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Immigration Update - United States | Advisory Concerning President Trump's Executive Order Barring Entry From Seven Countries
On January, 27, 2017, President Donald Trump signed an Executive Order (“Executive Order”) that may potentially impact your company and your employees. While this Executive Order has generated controversy and uncertainty, we report on the current status.
What the Executive Order Means
The Executive Order bars the entry of foreign nationals from seven countries which are Iran, Iraq, Libya, Somalia, Sudan, Syria and Yemen, (“ Seven Countries”) to the United States for a period of 90 days, or through April 27, 2017. The 90-day period could be extended. Citizens of the Seven Countries who hold dual citizenship with the U.S. should not be affected. Other people who hold dual citizenship with one of the Seven Countries and another country (not the U.S.) may be subject to restriction. The Executive Order and ban on entry to the U.S. does not include people who have merely travelled to the Seven Countries.
The Executive Order applies to both “immigrants and non-immigrants,” which means that it covers those with a temporary visa (e.g., B-1, H-1B and L-1) and foreign nationals holding a U.S. immigrant visa or U.S. lawful permanent residency. The Executive Order appears to ban people from the Seven Countries who already have green cards. However, the White House Chief of Staff and Department of Home Security officials said on January, 29, 2017, that those with green cards (permanent resident status), would no longer be included in the ban.
We also anticipate that applications within the United States for adjustment of status may be delayed by U.S. Citizenship and Immigration Services until the ban is lifted for nationals of the Seven Countries and their immediate family members.
In addition, the Executive Order suspended the Visa Waiver Interview program at U.S. Consulates around the world. This program broadly allowed visa applicants who were simply renewing a previously granted visa in the same category to submit their application and passport to the Consulate without an interview. Previously, some applicants under this program were exempted from the in-consulate interview requirement but now all people applying for the Visa Waiver Interview program will be required to appear for a visa interview, regardless of nationality.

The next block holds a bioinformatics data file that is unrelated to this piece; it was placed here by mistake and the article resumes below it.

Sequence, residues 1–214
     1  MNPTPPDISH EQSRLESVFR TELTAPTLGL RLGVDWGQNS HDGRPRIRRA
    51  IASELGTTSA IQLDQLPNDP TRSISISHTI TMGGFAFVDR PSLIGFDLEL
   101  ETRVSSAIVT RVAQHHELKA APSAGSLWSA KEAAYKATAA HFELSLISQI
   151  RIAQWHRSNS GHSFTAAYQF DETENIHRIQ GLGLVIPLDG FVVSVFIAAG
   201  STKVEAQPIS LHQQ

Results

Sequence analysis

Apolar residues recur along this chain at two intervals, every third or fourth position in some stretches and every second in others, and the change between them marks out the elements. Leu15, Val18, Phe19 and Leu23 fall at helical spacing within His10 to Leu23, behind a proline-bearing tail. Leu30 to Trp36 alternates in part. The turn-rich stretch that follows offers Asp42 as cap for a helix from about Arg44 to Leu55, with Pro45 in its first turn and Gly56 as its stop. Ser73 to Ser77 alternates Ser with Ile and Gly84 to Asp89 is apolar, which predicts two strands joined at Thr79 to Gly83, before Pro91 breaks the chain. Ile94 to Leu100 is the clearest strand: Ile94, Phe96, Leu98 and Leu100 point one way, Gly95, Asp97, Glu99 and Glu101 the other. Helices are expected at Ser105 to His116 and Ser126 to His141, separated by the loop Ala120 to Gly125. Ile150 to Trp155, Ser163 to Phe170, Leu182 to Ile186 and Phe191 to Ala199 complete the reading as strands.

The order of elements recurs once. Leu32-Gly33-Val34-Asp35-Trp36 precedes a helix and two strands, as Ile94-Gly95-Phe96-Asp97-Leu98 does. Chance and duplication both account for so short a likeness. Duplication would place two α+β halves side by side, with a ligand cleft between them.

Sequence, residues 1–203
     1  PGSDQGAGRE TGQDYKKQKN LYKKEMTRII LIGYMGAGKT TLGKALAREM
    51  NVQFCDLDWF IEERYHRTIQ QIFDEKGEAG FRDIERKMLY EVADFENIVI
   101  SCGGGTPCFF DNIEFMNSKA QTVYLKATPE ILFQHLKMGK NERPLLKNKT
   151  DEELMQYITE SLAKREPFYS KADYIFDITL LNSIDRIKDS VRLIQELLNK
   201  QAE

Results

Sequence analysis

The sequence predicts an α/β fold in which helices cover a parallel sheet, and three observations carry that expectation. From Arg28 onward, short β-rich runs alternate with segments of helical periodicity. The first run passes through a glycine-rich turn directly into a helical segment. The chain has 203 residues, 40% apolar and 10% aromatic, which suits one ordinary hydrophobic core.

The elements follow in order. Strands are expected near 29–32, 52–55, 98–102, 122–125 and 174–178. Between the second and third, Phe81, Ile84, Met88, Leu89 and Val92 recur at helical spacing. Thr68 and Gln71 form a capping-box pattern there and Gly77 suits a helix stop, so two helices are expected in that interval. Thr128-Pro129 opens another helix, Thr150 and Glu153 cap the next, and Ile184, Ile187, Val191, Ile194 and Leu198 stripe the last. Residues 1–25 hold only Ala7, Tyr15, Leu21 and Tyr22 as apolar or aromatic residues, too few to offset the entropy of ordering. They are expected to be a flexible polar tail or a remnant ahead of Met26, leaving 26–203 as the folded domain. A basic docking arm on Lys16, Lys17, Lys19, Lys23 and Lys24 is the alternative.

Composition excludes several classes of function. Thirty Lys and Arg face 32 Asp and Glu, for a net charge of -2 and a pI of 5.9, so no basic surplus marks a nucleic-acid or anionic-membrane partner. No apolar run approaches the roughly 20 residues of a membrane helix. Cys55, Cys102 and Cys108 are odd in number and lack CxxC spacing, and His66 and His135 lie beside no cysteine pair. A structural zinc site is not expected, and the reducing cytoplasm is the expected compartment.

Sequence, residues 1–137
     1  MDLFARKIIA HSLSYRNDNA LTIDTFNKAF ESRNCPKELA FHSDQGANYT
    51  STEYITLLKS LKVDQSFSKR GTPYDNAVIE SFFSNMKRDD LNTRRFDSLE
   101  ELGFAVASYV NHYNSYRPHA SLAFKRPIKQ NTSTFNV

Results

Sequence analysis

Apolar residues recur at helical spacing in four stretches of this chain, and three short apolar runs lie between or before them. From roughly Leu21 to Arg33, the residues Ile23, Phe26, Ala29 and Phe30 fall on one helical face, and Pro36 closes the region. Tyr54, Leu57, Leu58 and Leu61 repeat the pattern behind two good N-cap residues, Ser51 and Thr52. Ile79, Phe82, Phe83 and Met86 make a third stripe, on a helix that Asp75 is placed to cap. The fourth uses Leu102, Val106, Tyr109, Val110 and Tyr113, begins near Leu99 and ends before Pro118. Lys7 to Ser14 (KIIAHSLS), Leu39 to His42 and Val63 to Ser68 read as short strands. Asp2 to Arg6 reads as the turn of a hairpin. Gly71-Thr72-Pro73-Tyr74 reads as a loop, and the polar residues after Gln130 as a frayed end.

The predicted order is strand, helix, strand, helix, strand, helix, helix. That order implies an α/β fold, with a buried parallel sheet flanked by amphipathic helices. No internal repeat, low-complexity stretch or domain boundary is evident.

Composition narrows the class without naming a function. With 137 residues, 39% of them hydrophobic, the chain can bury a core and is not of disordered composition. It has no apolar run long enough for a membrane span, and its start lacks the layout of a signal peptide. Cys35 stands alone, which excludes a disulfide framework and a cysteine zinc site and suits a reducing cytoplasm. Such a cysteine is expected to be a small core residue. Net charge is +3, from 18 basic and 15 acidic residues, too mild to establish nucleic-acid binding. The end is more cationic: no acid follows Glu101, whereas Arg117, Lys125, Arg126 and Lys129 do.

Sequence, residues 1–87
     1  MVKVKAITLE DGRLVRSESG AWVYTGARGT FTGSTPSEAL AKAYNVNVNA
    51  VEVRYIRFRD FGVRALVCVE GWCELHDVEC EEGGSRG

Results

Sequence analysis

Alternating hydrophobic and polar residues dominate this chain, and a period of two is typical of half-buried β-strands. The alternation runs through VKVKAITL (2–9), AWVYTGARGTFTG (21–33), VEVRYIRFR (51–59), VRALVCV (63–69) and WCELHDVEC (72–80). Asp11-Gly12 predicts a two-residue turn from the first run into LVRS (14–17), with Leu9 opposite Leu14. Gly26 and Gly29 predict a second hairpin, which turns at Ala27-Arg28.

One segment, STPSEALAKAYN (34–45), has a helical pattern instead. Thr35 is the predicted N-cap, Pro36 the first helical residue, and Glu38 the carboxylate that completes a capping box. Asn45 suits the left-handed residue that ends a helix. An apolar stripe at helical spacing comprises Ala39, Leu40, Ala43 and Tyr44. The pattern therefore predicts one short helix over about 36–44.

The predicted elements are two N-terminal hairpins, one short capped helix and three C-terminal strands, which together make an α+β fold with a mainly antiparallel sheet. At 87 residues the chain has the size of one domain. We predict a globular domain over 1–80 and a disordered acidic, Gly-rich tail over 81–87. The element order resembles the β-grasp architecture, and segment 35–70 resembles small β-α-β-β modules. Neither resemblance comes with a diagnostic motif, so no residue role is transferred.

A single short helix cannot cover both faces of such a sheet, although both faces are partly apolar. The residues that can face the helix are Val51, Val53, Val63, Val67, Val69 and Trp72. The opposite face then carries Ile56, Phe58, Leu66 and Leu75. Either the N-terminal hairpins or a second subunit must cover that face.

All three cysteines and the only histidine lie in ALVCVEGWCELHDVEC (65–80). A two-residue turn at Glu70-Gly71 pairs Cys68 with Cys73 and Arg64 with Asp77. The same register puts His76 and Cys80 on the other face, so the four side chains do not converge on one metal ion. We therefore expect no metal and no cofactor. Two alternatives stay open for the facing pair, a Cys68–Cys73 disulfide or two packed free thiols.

It is expected that processing times for this and potentially other visa categories will lengthen as a result of the Executive Order.
Court Issued Stay
On the evening of January, 28, 2017, Justice Donnelly of the Federal Court, granted a stay on deportations for people who have already arrived in the U.S. and those who are in transit and who hold valid visas, ruling they cannot be deported. The stay is a partial block and applies until the outcome of the hearing scheduled February 21, 2017. The Federal Court may take further action limiting the Executive Order.
The effect of the stay means that until the Federal Court has rendered its judgement following the hearing on February, 21, 2017, the Executive Order means that nationals from the affected countries cannot be deported.
Impact on you
If you have any employees who are nationals from the Seven Countries who are currently in the U.S., it is suggested they remain in the U.S.
Additionally, if you are from one of the Seven Countries and planning on traveling outside of the U.S., you should be prepared for the ban extending beyond April 27, 2017.
Please inform us as soon as possible if any of your employees have a passport from any of the Seven Countries and we will review the individual case.
We will continue to monitor the development of any potential changes to the U.S. immigration system and keep you updated.
Please do not hesitate to reach out to your contact below if you have any questions in the meantime:
Europe - Bob Day, Global Immigration Operations Director (firstname.lastname@example.org)
ASIA – Soumeya Messadi, Head of Immigration for Asia (email@example.com)
US – Bruna Frota, US Immigration Attorney (firstname.lastname@example.org)